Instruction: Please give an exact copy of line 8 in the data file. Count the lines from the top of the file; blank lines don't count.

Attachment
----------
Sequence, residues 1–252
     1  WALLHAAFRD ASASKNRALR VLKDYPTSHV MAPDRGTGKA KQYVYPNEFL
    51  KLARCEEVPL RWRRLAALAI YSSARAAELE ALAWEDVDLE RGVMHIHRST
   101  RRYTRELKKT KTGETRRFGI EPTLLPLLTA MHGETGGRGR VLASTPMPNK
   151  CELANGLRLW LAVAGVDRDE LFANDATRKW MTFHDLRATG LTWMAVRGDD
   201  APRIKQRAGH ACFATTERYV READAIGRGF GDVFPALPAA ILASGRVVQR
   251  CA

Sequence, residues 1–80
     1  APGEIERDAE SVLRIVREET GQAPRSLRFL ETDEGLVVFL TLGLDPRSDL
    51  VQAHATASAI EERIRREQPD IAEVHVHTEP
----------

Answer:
Sequence, residues 1–80